Organised as a direct response to raids in Chinatown and Soho in central London on Thursday night, the city’s most renowned areas for sex workers to operate in, this protest was an urgent call for action. Last week police ransacked a number of massage parlours, under the guise of an operation to find victims of human trafficking, although those gathered outside the building don’t accept that this was the true motivation.
“Police swooped in, looking for undocumented migrants to deport,” Toni Mac tells me, as I manage to grab her for an interview. A sex worker and activist, I recognise her from a TEDx talk where she spoke about the need for decriminalisation. Today, donning a pair of heart shaped sunglasses, her tune is more focused on the needs of the women at risk. “They called it an operation to look for victims of human trafficking, which we think is a figleaf for their agenda. It’s about deporting people, and we’re not happy about it.”
These raids come at a pinnacle point of anti-immigrant sentiment. With the impact of Brexit still unclear, and the news bringing us other stories of inhumane deportation such as what happened at a Byron Burger, the country doesn’t feel very safe for those without a British passport. When it comes to the sex industry, the police are all too happy to use the language of human trafficking and act like the harassment of sex workers is all in the interest of their own safety.
“The last notable raids that happened in London were three years ago”, continues Toni, shedding a bit of background on their relationship with law enforcement “Two hundred riot police emptied working premises in Soho, many of which have stayed closed and those people are now working on the street.” The raids in question were those of 3 December 2013, also masked as an operation to swoop premises linked to trafficking, where 22 people thought to be involved in Soho’s thriving sex industry were taken into custody for ‘counselling’.
Stripped of their hard earned cash and dragged out of their homes in the middle of the night, the reality of those raids is the same as what we’re seeing now. The people most affected the most marginalised in society, and though the police preach the safety of victims, it’s the people who are the most vulnerable that live in danger of being ‘saved.’
The small crowd starts chanting, the sound partly muffled by colourful scarves wrapped around faces and bright feathered masks that are used to hide the identities of those involved. A portable megaphone is passed from person to person, each sharing their stories, experiences and anger.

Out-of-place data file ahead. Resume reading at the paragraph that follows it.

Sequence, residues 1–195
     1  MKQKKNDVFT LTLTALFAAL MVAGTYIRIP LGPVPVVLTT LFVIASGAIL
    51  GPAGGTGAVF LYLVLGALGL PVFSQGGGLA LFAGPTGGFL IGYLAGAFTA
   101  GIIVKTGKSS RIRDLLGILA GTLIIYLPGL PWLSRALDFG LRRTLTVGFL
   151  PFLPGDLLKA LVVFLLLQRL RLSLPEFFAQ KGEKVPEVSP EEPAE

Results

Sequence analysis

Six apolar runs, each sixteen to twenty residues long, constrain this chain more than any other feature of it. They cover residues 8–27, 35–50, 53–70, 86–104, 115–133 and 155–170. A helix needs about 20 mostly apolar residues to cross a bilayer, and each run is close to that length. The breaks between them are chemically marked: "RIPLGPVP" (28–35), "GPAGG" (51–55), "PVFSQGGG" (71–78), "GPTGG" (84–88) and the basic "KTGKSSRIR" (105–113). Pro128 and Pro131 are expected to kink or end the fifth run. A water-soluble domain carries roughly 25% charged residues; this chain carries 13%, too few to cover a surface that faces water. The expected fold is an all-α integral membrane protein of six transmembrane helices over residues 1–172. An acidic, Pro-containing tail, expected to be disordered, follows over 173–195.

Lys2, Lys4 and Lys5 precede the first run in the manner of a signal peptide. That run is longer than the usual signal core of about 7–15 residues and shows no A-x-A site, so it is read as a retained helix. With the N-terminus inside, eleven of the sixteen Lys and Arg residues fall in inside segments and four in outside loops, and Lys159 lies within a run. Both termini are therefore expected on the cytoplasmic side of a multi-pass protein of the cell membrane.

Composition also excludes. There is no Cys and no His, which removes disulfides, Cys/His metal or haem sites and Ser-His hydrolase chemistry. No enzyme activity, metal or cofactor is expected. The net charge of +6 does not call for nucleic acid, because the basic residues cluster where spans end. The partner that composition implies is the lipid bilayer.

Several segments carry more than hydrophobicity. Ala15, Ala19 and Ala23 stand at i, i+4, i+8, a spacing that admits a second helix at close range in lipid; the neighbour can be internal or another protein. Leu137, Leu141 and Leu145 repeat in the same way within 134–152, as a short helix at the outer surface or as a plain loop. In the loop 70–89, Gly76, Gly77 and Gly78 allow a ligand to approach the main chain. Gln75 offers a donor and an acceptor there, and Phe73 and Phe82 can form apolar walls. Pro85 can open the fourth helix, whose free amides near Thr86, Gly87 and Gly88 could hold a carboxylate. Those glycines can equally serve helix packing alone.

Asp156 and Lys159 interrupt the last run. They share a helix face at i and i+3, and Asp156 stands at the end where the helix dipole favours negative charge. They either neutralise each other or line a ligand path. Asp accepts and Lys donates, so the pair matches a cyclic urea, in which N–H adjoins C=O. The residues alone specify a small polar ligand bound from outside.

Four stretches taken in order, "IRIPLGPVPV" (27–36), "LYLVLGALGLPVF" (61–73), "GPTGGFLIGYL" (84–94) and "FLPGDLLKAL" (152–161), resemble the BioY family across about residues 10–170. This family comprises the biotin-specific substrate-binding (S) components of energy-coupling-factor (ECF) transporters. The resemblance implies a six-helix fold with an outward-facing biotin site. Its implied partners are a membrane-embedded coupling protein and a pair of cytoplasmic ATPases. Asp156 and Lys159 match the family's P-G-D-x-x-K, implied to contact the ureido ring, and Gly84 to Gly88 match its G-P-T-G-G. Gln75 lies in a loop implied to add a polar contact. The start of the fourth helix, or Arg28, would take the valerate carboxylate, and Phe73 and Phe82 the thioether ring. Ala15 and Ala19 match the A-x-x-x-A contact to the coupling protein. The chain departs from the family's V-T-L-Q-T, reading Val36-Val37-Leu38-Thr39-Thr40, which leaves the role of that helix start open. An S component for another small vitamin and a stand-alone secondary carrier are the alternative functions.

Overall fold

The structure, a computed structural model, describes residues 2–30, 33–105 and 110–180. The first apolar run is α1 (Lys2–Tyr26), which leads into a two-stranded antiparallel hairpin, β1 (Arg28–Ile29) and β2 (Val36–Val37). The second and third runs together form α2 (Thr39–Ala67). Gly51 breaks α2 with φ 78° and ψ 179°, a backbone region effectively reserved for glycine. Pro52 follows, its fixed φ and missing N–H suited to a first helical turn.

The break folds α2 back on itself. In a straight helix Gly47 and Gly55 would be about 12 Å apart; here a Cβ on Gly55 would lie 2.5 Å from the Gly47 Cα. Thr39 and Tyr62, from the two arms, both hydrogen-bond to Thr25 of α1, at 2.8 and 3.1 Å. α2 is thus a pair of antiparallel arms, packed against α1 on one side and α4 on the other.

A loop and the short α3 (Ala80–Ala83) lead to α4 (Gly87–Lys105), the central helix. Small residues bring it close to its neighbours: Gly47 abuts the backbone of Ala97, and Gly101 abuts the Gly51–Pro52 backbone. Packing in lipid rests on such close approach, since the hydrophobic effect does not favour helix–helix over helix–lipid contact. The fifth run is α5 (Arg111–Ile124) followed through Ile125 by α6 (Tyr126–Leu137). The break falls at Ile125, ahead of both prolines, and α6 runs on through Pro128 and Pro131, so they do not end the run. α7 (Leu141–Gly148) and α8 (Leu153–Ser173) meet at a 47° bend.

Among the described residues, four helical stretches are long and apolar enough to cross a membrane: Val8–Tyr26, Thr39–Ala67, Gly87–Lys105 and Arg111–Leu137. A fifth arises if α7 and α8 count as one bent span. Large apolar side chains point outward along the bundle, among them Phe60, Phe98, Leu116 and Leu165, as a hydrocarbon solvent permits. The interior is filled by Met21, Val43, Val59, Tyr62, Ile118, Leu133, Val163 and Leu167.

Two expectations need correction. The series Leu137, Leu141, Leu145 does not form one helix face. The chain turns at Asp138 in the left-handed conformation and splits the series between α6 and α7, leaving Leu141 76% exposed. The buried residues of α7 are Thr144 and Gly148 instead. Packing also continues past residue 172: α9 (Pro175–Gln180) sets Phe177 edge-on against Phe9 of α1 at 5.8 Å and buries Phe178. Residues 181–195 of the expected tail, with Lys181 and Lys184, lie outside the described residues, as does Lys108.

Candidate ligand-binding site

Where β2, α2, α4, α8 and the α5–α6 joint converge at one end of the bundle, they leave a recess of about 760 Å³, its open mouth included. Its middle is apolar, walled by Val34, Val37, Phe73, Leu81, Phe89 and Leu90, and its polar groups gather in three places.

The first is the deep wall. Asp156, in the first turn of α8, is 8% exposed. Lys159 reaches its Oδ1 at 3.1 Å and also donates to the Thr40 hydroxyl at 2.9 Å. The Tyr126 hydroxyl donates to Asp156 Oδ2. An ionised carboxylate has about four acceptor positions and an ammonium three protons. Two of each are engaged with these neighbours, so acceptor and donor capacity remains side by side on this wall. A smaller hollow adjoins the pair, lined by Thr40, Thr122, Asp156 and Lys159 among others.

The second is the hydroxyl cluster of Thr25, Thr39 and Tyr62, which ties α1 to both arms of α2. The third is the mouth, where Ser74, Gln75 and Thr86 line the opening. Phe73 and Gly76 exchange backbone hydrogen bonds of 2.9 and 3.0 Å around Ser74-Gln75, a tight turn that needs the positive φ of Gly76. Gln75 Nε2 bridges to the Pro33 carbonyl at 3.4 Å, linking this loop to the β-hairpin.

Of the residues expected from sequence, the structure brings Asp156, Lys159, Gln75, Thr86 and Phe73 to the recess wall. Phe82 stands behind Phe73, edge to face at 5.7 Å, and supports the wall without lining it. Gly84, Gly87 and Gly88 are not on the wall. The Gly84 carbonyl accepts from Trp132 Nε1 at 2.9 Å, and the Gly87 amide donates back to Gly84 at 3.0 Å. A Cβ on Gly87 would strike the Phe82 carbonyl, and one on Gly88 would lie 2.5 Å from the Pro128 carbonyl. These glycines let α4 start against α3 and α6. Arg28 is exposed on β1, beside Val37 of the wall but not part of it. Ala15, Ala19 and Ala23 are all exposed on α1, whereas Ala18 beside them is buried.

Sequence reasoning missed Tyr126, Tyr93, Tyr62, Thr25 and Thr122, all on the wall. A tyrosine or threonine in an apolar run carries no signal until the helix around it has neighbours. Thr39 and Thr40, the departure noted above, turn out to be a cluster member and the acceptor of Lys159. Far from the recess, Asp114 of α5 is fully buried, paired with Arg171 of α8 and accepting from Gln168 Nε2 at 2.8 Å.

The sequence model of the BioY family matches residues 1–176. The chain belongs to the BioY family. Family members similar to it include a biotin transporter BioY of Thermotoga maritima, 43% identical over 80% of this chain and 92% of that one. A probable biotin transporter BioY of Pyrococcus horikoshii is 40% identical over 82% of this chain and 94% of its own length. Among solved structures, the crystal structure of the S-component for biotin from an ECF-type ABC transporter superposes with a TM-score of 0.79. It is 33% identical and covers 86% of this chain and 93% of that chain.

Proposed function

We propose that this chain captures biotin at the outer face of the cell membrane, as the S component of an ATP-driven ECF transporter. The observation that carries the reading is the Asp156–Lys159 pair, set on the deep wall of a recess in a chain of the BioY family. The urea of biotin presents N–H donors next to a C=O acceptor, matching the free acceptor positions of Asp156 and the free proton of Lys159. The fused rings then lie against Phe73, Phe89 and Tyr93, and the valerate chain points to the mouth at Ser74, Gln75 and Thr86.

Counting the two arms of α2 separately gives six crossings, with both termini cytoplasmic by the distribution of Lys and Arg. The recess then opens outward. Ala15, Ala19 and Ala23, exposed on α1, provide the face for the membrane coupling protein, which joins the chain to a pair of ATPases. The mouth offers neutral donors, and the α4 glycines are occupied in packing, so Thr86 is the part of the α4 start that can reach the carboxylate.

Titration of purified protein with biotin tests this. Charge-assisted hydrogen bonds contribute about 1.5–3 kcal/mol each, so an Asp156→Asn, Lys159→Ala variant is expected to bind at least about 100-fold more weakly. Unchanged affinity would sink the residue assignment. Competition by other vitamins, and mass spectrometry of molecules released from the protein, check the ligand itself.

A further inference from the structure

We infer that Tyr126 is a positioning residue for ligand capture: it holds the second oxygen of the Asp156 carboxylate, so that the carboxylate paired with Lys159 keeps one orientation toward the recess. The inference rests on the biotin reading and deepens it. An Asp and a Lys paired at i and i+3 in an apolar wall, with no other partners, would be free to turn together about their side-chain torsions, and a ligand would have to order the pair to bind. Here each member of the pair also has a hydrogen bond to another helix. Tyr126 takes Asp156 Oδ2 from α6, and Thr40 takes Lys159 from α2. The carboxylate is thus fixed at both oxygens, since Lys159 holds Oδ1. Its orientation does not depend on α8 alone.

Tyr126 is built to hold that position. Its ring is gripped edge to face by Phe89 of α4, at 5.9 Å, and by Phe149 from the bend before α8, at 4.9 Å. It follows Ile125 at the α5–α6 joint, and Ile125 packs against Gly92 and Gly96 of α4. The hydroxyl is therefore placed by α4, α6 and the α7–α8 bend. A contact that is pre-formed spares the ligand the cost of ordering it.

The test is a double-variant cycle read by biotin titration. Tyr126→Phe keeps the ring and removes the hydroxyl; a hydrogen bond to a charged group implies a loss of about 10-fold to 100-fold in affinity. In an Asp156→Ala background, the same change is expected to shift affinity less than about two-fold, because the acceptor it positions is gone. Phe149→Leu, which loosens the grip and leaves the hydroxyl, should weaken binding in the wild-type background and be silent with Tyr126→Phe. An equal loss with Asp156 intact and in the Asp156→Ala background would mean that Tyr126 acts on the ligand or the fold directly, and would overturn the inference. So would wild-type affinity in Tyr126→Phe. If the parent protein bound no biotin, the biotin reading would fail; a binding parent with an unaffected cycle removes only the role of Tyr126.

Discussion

Standing beside me is Laura, a spokesperson for the English Collective of Prostitutes. With her head covered by a bright blonde wig, she’s keen to tell me her opinion. “We want to protest outside the Home Office because of actual police policy. They dragged women away into immigration vans, if that’s how you treat victims of trafficking…” Her voice trails off, she didn’t finish the sentence, but she didn’t need to.
Carrie, another member of the ECP, her face heavily clad in pink feathers, chimes in too. “The government has to be held accountable for this,” she tells me. “They’re who you should be interviewing.” I agree, but as much as I would love to run in the Home Office all guns blazing, I doubt I would get a comment, they’re not even willing to take a flyer as they scurry past.
Instead I got chatting to Paulina, who explained to me that she is a migrant sex worker living in fear of deportation every day, even more so with Brexit and the increased xenophobic attitude in the UK. She laughs shakily as she recalls to me various situations where she’s experienced outright racism on the street and in social situations. “We’re targeted by the police, by raids, by our children taken away from us because we are unfit parents (sic)” and with that she was nervously ushered to the megaphone.
By now the small crowd had grown another fifteen people or so, but as of yet no official government looking people.
Determined to get the opinions of some of the bystanders, I found David, looking dashing with a little pink clip in his hair. He agreed to speak to me, as long as it was the voices of the sex workers themselves that carried the weight. “I’m just here to show solidarity,” he stressed, holding a sign that read ‘solidarity with sex workers’ in pink handwriting to match his fashion accessory. “I think it’s important for people from outside to stand up and for their rights, bolster numbers and amplify protests.”
The raids of Thursday evening came away with £35,000 cash, the arrest of 18 people and the closure of six parlours, and while the closure of brothels might seem like a cause for celebration, the sex workers I speak to reveal that it’s not. Legally brothels are two or more people working together and they’re usually the safest way to run a business without having to take to the streets, which is where those affected by the closures are now going to have to work. The only thing these raids seem to have done successfully is put and more people at risk, especially those who might find themselves sitting in Yarl’s Wood Detention Centre waiting for deportation.
As I walk away from the protest, the loud chants of the protest still ringing in my ears, a new crowd is gathering on the left to protest the rights of child migrants in Calais. It seems that Amber Rudd and her team have a busy week ahead.